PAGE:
The erroneous courtship hypothesis: do insects really engage in aerial wars of attrition? (#534)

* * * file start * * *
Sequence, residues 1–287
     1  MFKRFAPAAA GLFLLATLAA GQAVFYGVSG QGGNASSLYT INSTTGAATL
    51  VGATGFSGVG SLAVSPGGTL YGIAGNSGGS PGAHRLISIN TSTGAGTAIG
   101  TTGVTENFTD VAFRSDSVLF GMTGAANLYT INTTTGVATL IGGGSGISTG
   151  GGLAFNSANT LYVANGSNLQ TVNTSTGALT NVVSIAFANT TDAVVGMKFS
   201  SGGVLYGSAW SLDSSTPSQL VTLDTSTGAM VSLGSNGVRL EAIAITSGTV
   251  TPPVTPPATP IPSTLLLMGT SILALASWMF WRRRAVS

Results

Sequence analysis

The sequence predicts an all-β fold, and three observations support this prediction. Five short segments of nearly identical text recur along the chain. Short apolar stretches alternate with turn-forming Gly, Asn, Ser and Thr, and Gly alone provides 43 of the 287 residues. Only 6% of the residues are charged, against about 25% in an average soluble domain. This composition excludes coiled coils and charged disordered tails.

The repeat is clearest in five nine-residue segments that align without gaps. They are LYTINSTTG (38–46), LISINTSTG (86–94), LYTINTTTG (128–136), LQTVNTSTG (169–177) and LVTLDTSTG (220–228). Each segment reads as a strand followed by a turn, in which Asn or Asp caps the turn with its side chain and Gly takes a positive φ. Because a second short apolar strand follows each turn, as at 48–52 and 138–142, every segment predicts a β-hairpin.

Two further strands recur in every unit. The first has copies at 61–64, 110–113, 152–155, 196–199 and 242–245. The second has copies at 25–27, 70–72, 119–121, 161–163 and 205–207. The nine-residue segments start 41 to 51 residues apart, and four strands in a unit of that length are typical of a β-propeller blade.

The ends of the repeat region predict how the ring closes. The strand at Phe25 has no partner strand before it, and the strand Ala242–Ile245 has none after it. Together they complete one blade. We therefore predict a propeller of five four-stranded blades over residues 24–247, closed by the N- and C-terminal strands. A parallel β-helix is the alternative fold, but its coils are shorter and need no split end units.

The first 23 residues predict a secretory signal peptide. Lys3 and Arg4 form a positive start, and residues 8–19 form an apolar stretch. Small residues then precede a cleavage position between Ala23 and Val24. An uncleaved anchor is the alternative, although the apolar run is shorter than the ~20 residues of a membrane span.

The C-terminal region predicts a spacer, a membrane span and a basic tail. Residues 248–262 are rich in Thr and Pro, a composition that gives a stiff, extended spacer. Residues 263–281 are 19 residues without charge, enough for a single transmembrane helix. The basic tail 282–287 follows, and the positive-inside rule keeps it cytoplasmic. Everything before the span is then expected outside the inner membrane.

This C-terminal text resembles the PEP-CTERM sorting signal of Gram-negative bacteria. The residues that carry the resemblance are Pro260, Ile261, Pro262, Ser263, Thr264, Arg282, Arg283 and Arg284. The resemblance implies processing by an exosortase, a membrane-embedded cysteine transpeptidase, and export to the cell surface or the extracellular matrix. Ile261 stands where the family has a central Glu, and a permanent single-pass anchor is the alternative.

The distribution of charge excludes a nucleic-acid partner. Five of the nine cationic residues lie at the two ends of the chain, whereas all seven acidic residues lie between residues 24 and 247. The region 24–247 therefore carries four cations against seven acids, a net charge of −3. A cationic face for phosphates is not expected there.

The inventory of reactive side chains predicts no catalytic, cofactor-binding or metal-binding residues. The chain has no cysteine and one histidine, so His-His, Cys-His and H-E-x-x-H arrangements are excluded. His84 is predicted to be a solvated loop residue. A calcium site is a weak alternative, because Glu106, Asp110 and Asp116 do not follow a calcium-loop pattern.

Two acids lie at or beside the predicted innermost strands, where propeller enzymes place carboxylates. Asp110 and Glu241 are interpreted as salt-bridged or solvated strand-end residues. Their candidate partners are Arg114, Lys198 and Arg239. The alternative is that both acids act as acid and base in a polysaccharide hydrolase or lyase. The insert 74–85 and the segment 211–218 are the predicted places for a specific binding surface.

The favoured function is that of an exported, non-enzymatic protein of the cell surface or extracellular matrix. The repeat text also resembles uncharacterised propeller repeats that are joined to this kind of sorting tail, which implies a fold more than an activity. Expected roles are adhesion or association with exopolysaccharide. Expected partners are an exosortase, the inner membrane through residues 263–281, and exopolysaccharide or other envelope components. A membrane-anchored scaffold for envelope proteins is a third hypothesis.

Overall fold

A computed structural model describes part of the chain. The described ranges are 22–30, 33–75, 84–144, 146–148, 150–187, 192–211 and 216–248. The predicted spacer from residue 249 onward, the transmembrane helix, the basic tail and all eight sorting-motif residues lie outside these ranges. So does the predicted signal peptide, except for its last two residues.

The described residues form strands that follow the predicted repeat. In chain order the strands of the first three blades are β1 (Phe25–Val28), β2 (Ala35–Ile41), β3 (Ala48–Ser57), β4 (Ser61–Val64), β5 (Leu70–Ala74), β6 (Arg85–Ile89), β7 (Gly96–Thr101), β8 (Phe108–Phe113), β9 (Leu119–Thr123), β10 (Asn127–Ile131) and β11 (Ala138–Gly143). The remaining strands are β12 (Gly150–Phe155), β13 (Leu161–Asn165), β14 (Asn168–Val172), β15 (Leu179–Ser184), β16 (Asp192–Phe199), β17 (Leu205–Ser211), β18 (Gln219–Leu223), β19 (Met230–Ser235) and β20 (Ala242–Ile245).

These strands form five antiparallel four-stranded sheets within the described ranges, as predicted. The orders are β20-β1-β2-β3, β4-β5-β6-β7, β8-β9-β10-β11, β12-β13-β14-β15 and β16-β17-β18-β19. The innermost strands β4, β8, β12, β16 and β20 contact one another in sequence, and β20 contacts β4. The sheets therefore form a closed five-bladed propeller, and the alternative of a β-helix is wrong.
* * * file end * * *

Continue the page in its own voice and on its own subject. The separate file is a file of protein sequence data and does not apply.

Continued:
Males of various flying insects perform conspicuous aerial interactions around their mating stations. The broadly accepted interpretation of their aerial interaction is a war of attrition, where two contestants perform costly displays, and the one that reaches its cost threshold earlier gives up. The particular requirement in this model is that some forces to match the intensity of display of the two contestants are necessary, and failure to enforce matching allows foul contestants that delay or stop their display to avoid paying contest costs. In addition, wars of attrition require flying insects to distinguish the sex of flying conspecifics, because their aerial interactions begin when intruders fly into the territory. We investigated past research on the behavior of territorial odonates and butterflies to clarify whether the two prerequisites of wars of attrition are fulfilled: 1) contestants can inflict substantial costs on non-displaying opponents, 2) contestants can discriminate the sex of flying conspecifics. In territorial odonates, we found an abundance of evidence that contests involve physical attack and that the ability of sexual discrimination is sufficient. Therefore, wars of attrition may occur in odonates. In territorial butterflies, however, we could not find any evidence that the two prerequisites are filled. Based on Lloyd Morgan’s Canon: the principle of parsimony in comparative psychology, males of territorial butterflies cannot distinguish the sex of flying conspecifics, and their aerial interactions are better interpreted as erroneous courtship between sexually active males. We constructed a model of male-male interactions of butterflies assuming that they maximize their fitness under the constraint that they cannot discriminate the sexes of flying conspecifics. We could interpret past research on butterfly contests by this erroneous courtship model. We think that the erroneous courtship model is far simpler than the war of attrition model, and that it is adequate for butterflies.